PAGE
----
Growing up on a ranch in west Texas, Randal Halfmann collected animals, from tarantulas to lizards. “We had snakes getting loose in the house,” he recalls, adding that his parents were not surprised by his sustained interest in biology. He earned a scholarship to the College of Agriculture and Life Sciences at Texas A&M University in College Station, where he did undergraduate research with David Stelly, studying the cytogenetics of cotton. Being startled awake early one morning by a lab-related idea confirmed for him that science was the right career path. “This must be what I should be doing,” Halfmann remembers thinking. After graduating with a BS in genetics, he went to MIT, where he joined Susan Lindquist’s lab and completed a PhD in biology. Halfmann, who is part of the first cohort of NIH Director’s Early Independence Awardees, now runs a lab at the University of Texas Southwestern Medical Center in Dallas. One research focus of his lab is understanding how prions fold—an interest he traces back to a guest lecturer in one of his undergraduate biochemistry classes at Texas A&M, who told the attendees that a guaranteed way to win the Nobel Prize was to “figure out protein folding,” he says. The properties of prions—both good and bad—are the subject of his feature “The Bright Side of Prions.”
The part of Los Angeles where Alan de Queiroz lived as a child was surprisingly undeveloped, he says, adding, “I think the place where I grew up was more important in getting me interested in nature and animals than any schooling I had.” A fascination with the local vertebrates—especially reptiles and birds—led to a bachelor’s degree in zoology from the University of California, Berkeley. Then, as a graduate student in Harvey Pough’s lab at Cornell University, de Queiroz studied lizard feeding and the evolution of behavior in garter snakes. “I ended up using myself as the predator” to elicit defensive behaviors in the snakes, he says. After earning a master’s and a PhD in ecology and evolutionary biology from Cornell, de Queiroz made stops in Arizona and Colorado, before landing with his family in Nevada, where he is now an adjunct at the University of Nevada at Reno. “The natural history and landscape of this area really resonate with me,” he says. There, de Queiroz’s research has shifted from snakes to little-known insects called jumping bristletails, eventually leading to studies of the evolution of this group in the Hawaiian Islands. “A thread through almost everything I’ve done is looking at things by using evolutionary trees,” he says. De Queiroz writes about the effects of improbable ocean voyages on evolutionary trees and biogeography in his new book, The Monkey’s Voyage: How Improbable Journeys Shaped the History of Life, and in his essay in this issue.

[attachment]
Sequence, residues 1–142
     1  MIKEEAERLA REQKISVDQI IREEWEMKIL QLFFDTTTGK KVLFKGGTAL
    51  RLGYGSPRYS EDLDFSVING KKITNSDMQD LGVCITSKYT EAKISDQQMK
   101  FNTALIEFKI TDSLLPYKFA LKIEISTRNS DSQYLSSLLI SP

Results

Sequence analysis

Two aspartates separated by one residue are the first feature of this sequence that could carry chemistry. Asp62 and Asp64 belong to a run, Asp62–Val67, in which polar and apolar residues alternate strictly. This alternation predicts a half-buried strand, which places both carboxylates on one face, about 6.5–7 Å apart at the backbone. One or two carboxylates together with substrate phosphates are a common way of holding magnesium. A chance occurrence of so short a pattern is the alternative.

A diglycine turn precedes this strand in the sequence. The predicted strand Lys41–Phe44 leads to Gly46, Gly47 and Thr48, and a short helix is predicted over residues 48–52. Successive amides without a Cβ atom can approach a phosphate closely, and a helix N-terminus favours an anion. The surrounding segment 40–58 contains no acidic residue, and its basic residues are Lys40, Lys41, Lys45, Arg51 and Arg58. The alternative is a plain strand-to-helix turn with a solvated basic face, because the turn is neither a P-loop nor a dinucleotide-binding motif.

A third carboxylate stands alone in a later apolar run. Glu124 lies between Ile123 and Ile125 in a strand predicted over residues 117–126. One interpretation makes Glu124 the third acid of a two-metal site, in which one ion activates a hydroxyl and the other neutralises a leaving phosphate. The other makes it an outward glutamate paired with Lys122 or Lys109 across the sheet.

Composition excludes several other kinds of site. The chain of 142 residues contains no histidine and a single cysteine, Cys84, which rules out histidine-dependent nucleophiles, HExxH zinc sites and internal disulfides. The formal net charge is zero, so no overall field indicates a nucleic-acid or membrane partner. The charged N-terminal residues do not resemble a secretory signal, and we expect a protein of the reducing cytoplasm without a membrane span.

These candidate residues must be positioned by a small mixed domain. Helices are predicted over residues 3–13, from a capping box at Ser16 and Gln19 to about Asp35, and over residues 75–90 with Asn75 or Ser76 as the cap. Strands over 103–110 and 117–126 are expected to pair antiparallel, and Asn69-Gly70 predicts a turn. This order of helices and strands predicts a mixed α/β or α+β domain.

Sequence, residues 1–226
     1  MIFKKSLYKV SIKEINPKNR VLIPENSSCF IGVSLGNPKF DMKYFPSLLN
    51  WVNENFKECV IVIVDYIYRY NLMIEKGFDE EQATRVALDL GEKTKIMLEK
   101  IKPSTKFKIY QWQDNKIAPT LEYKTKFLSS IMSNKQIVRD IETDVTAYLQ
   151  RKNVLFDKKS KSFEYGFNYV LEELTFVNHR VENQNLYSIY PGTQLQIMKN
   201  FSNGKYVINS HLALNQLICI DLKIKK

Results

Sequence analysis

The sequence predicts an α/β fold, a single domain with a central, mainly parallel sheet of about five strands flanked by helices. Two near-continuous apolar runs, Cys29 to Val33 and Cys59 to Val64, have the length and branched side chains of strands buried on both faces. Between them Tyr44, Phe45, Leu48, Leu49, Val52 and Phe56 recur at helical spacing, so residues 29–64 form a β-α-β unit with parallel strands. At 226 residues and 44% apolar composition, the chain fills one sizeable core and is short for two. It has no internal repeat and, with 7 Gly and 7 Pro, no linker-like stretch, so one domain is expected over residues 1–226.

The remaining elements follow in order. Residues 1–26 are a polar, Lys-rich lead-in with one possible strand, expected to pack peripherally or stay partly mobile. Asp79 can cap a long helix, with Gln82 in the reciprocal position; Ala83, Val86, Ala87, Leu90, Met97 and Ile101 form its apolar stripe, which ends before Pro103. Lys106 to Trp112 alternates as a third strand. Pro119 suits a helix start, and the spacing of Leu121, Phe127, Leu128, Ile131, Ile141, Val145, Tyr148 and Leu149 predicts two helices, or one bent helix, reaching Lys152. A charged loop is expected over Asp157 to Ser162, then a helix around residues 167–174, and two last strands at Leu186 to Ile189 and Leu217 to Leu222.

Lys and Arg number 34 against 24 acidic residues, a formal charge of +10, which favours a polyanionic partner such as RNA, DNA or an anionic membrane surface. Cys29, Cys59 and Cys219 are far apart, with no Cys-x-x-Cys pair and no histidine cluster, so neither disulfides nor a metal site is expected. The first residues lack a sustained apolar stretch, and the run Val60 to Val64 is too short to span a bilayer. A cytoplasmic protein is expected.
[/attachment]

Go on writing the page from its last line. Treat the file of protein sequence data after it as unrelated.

Most scientists have experienced at least one bout of Monday-morning panic, triggered by the realization that they had neglected to return perishable reagents to the fridge before leaving the lab for the weekend. Abby Olena did just that. But the accident didn’t frighten The Scientist’s newest intern away from the lab bench. Olena is now finishing a PhD in biological sciences at Vanderbilt University in Nashville, Tennessee. She recalls attending marine biology summer camps while in middle school, and later doubling up on advanced high-school life science courses in her hometown of Garland, Texas. It was as an undergrad at Hendrix College in Conway, Arkansas, however, that Olena came to truly appreciate the scientific process. She says working in two different labs “helped me to understand how research worked: that things fail a lot, and it’s a long process to getting the answers.” As a graduate student in Jim Patton’s Vanderbilt lab, Olena has found talking about science as rewarding as doing it; to her, the chance to discuss new research at journal club is much more of a lure than the free pizza. This summer, Olena completed a 10-week American Association for the Advancement of Science Mass Media Fellowship at the Chicago Tribune. As a reporter, her favorite part about covering science was getting to know more scientists. At TS, Olena has written many different types of articles, but she is particularly fond of writing Contributors blurbs and Scientist to Watch profiles. “Everyone comes to science from a different path and loves different things about it,” says Olena. “I really like hearing about that.”
Using single-cell RNA sequencing, scientists characterize new populations of dendritic cells and monocytes.